LI: The same year you graduated from law school you started Lawline. How did the decision to go into LegalTech win-out over a more traditional legal path?
DS: After I graduated college I worked in online advertising sales for 4 years. I then decided to go to law school because I wanted to be a professional. However, once in school and after interning for a couple of law firms, I concluded that being an attorney was not much different than being in sales. The main difference was in addition to selling yourself, you also had to do all the legal work. I also realized that I did not want to start at the bottom again.
While in law school, I started an online TV show interviewing entrepreneurs called TrueNYC. I met some great businesses, one of which was a web development company called Fresh Tilled Soil. It was then I had the idea to hire them to rebuild the Lawline.com website.
Lawline.com was orginally started by my dad and his partner in 1999 during the dot com boom. After the market crashed they shut down the business, but decided to keep the site functioning with 15 CLE courses. It would earn a couple thousand dollars per month without anyone touching it.
In 2006, it became clear to me there was tremendous opportunity in this area. The site had to be rebuilt from the ground up, as it was old technology that we did not even own. Fresh Tilled Soil completed a simple version of the site before my final exams. I took the bar that summer and came back and ran Lawline full-time. As they say the rest is history.
LI: If you had to do it again, would you have chosen business school over law school?
DS: I would have still chosen law school. Why? The law touches all parts of our lives in every shape or form. Being a lawyer has opened me up to a whole new world. And of course for the other reason, law school lead me to realizing the huge opportunity in Online CLE.
LI: You’ve been in business for almost a decade. With so many startups out there failing, what’s been your secret to success?
DS: Our focus from day one was building a business that was profitable. Doing so allowed us to make smart decisions and wise investments in growth opportunities. I also love building a great product. I personally am addicted to lifelong learning. I love giving people the tools to share their knowledge with others. And yeah, the mandatory aspect of the business does not hurt either.
LI: Online education is an expanding market. Where do you see the biggest opportunities for growth for Lawline and others in the space?
DS: Over the past 7 years, 100,000 attorneys have completed 2,000,000 courses on our website. Now that is a lot of CLE certificates. While that number sounds impressive, when you look at our market share on a state by state basis, it is clear there is still significant room for growth. As a result we continue to create compelling legal content, recruit top faculty, and improve our technology. And of course we work very hard to communicate our message to attorneys across the country.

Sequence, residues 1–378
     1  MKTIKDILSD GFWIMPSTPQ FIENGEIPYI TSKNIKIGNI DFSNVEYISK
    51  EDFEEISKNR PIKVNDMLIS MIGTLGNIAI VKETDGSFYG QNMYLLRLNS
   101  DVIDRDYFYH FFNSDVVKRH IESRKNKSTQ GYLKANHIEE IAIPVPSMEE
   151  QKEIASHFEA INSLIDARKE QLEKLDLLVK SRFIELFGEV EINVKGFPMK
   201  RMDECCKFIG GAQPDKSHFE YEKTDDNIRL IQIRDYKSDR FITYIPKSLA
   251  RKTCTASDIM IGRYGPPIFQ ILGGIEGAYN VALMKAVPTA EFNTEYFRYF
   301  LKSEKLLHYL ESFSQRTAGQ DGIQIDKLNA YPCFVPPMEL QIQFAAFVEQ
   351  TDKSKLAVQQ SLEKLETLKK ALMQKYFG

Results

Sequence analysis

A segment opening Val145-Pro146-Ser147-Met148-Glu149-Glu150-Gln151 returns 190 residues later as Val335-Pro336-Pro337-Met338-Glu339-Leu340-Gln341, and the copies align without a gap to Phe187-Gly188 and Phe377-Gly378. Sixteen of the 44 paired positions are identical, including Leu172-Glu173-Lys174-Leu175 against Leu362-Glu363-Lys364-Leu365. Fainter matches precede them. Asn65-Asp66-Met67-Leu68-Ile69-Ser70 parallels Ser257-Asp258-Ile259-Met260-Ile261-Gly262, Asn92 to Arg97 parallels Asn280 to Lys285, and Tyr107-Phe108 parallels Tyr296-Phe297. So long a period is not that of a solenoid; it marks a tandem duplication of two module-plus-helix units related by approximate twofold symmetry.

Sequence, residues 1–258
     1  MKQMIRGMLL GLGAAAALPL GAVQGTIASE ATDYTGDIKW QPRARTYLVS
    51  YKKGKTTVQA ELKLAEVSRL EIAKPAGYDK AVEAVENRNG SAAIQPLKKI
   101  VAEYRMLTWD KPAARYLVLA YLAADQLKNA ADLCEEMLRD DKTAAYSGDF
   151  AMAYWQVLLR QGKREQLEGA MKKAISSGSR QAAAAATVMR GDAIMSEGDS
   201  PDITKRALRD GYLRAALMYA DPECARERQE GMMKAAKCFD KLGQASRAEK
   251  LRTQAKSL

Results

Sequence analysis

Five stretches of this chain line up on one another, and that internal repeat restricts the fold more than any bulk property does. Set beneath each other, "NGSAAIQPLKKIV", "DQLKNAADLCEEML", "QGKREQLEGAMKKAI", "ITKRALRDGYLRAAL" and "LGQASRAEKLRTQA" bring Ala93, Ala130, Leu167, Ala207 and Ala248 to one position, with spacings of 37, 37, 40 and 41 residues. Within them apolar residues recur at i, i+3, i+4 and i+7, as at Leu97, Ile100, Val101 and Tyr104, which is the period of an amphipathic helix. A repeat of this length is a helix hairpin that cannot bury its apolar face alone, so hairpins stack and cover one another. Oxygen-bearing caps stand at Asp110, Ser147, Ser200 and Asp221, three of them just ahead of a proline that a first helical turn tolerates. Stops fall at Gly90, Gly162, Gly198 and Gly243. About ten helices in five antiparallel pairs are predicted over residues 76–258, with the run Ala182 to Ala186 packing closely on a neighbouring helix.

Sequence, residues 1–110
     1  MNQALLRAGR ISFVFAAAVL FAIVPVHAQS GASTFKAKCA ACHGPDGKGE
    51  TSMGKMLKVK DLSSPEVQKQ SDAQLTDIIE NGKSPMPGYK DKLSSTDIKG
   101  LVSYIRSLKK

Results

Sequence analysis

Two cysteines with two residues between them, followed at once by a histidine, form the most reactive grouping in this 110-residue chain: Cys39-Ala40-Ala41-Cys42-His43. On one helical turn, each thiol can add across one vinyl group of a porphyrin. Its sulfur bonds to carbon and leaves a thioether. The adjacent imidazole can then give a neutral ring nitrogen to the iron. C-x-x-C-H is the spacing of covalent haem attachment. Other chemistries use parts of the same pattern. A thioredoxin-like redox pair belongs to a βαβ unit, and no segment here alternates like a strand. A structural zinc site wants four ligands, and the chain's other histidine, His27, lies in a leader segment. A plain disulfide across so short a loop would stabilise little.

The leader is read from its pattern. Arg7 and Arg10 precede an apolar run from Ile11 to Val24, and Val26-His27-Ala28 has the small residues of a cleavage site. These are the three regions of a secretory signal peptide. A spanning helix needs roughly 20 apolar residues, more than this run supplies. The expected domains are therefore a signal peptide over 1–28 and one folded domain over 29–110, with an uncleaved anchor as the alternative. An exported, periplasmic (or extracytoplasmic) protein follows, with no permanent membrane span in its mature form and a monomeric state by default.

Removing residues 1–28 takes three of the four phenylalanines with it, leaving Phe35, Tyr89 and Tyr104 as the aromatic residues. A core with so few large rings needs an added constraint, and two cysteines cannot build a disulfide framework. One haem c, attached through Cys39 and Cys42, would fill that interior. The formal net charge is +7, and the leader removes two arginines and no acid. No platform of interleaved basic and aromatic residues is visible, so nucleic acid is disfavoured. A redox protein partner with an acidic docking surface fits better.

Secondly, we see a gap in the market when it comes to providing the resources and service for small to mid-size firms that Big Law has available to them. We have an excellent opportunity to meet the business and educational development needs for these firms.
Lastly is our expansion into additional continuing education verticals. We created the brand FurtherEd two years ago, and it is currently a top provider of continuing professional education (CPE) for accountants. We have just touched the surface here and are excited for the opportunities to come. We named it FurtherEd because we did not wanted to be limited to a vertical as we continue to expand our reach.
LI: With many young lawyers carrying serious law school debt, what’s your advice for lawyers looking to leave the profession?
DS: If the focus is on on paying off debt it is very likely in this market you can make more money outside of the profession than within it. Ideally, try to do something (like work at a great company like Lawline) where you feel your legal degree will give you an edge (or at least help you sleep better at night).
LI: The beauty of the legal profession is that the career path is (historically) pretty lockstep. As an entrepreneur, there’s less structure. Where do you see yourself in 5 years?
DS: Well, I recently signed a 7 year lease in 8400sf office and built a state-of-the-art work space and TV studio. When I did this, I had to look 7 years ahead and figure out where the business would be. The question I first asked myself was what do I want my life to look when I wake up in the morning? What is my impact on the community? On my Family? On my Business?
I just know I want to dream big. I want to have a large impact. I want Lawline & FurtherEd to be one of the largest providers in the online education space. To make big things happen you need to you shoot high and that is what I plan to do.